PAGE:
The San Francisco garter snake was not trapped or observed during the 1995 field survey. Only 3 individual Santa Cruz garter snakes and 9 individual coast garter snakes were captured at the Shamrock Ranch ponds during the three-month study. It appears that the reason that San Francisco garter snake is not present, even though suitable habitat exists, is the inaccessibility of the habitats to San Francisco garter snake populations in nearby drainages.

The oldest remaining possible source for San Francisco garter snake colonization is the San Pedro Creek drainage. In 1992, Dr. McGinnis surveyed this creek, but no San Francisco garter snakes were captured or observed even though numerous coast garter snakes and several Santa Cruz garter snakes were captured.

These results lend final support for the conclusion that, although habitat conditions are very favorable to the San Francisco garter snake at the south pond on the Shamrock Ranch, no specimens exist there due to the lack of a nearby population that could supply colonizing specimens. The San Francisco garter snake was not found during any of the field surveys conducted for the California red-legged frog between 1997 and 1998. In addition, this species was not found during any of the other biological field studies, including wildlife surveys, in 1997.

Plant Species

1. Montara Manzanita (Arctostaphylos montaraensis)

The Montara manzanita was not found within the tunnel alternative right-of-way or immediate project vicinity during the 1997 plant surveys. Historic locations for this species have previously been documented on Montara Mountain.

The species is found adjacent to the right-of-way corridor for the Martini Creek alignment alternative at the summit ridge of San Pedro Mountain.

2. Hickman's Cinquefoil (Potentilla hickmanii)

In San Mateo County, this state listed endangered plant species was known only from a single historic map location near the outfall of San Vicente Creek at Moss Beach and was last documented in 1933.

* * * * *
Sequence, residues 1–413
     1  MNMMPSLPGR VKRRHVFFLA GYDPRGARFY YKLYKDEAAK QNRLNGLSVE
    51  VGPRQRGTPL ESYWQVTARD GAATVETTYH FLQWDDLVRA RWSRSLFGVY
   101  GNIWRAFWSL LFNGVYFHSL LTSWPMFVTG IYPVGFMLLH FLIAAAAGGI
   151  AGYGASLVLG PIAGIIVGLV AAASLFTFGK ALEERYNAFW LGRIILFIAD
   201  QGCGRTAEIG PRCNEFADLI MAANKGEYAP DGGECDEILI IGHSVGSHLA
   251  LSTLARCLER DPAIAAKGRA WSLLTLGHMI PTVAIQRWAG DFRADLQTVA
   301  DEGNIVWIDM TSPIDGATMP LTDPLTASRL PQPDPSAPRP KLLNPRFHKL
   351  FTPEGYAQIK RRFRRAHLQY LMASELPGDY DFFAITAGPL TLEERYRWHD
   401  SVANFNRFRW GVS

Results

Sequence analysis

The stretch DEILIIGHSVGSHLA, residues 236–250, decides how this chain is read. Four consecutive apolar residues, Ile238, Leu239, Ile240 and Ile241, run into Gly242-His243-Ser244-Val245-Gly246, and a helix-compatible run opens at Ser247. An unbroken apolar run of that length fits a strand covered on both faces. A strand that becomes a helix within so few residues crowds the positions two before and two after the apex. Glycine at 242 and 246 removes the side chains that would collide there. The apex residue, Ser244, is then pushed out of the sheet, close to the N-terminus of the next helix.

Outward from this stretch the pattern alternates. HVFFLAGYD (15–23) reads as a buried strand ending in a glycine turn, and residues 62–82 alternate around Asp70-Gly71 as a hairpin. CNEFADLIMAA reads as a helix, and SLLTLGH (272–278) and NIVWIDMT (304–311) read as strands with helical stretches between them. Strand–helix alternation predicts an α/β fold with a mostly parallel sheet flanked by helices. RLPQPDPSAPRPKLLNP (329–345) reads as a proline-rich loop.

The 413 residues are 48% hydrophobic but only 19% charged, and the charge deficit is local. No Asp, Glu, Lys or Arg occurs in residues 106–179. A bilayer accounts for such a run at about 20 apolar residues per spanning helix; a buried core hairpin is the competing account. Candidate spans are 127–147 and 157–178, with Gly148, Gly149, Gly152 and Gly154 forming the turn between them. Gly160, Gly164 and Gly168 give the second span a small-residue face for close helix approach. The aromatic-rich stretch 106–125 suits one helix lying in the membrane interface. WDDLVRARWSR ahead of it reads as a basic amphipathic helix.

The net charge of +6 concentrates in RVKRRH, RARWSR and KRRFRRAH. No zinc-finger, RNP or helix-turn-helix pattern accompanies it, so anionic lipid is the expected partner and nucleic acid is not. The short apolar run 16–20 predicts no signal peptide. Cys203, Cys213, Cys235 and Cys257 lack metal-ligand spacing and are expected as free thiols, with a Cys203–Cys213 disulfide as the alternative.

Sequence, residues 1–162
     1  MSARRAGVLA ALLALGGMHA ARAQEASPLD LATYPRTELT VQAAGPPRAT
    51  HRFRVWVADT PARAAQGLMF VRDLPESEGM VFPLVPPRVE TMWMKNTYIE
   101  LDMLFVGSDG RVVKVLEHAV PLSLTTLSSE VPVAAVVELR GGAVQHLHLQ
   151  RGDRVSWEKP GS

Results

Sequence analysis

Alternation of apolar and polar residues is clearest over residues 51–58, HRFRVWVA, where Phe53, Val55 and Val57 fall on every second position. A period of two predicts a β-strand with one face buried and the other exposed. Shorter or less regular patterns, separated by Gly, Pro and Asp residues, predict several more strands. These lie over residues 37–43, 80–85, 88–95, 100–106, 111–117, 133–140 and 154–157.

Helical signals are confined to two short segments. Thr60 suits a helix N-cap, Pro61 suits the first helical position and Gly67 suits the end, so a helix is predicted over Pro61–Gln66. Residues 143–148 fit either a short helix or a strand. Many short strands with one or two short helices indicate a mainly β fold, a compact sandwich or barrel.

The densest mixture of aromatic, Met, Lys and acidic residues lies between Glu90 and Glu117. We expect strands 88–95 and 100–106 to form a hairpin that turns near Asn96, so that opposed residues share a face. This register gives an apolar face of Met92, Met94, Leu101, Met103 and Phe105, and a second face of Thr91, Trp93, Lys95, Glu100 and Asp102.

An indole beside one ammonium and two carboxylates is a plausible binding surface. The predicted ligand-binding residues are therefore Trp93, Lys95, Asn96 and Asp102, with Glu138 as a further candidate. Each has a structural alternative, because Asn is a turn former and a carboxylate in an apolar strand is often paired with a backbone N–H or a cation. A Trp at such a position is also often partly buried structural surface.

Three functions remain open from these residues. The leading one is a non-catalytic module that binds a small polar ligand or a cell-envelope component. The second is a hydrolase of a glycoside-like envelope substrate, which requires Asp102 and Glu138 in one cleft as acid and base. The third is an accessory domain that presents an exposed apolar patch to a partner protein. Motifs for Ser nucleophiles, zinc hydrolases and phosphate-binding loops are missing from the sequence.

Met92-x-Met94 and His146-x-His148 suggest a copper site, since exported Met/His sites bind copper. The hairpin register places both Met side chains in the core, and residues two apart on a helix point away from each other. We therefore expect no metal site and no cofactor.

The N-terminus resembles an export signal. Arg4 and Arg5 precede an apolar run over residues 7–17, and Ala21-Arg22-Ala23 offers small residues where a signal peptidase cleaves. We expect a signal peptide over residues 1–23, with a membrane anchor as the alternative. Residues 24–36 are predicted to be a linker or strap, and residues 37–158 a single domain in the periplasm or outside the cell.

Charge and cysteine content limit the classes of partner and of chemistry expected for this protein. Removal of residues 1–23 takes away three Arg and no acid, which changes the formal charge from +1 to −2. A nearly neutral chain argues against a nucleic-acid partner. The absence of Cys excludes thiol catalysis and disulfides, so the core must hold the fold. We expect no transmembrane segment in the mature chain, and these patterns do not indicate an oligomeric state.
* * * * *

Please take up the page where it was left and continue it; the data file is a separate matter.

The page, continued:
Prior to 1995, the only known population which still existed was located at the Indian Village site in Monterey County. During the 1995 spring plant surveys for the Martini Creek alignment alternative, a new population of Hickman's cinquefoil was identified by Caltrans biologists. This species was found growing in the grassland hills above Martini Creek. The California Department of Fish and Game was notified of the discovery, and Dr. Barbara Errter, of the University of California Jepson Herbarium, confirmed the identification of this species at this location during a field meeting on June 21, 1995.

Spring field surveys were conducted in 1995 and 1996 to determine the population size and boundaries for the Hickman's cinquefoil. A total cinquefoil population of 2,600 plants was surveyed on June 21, 1995, and a total population of 1,990 plants was surveyed on May 21, 1996. Sticky cinquefoil (Potentilla glandulosa), a common cinquefoil, was also found in the vicinity during the surveys.

Hickman's cinquefoil was afforded Federal endangered status on August 12, 1998.

Impacts

San Bruno Elfin Butterfly

Tunnel Alternative

The San Bruno elfin butterfly and its foodplants were not found within the proposed tunnel alternative right-of-way or immediate vicinity during the 1997 field surveys. The project will have no direct adverse effect on this species. In addition, the tunnel alternative would result in less potential secondary effects, such as dust and automobile exhaust, to this species since the tunnel alternative is approximately 1,097 meters (3,600 feet) further away from the known population than the Martini Creek alignment alternative, and also because a portion of the roadway will be enclosed in the tunnel. The tunnel alternative could be expected to reduce potential impacts to all insect species compared to the existing Route 1 roadway which is a surface road.

Martini Creek Alignment Alternative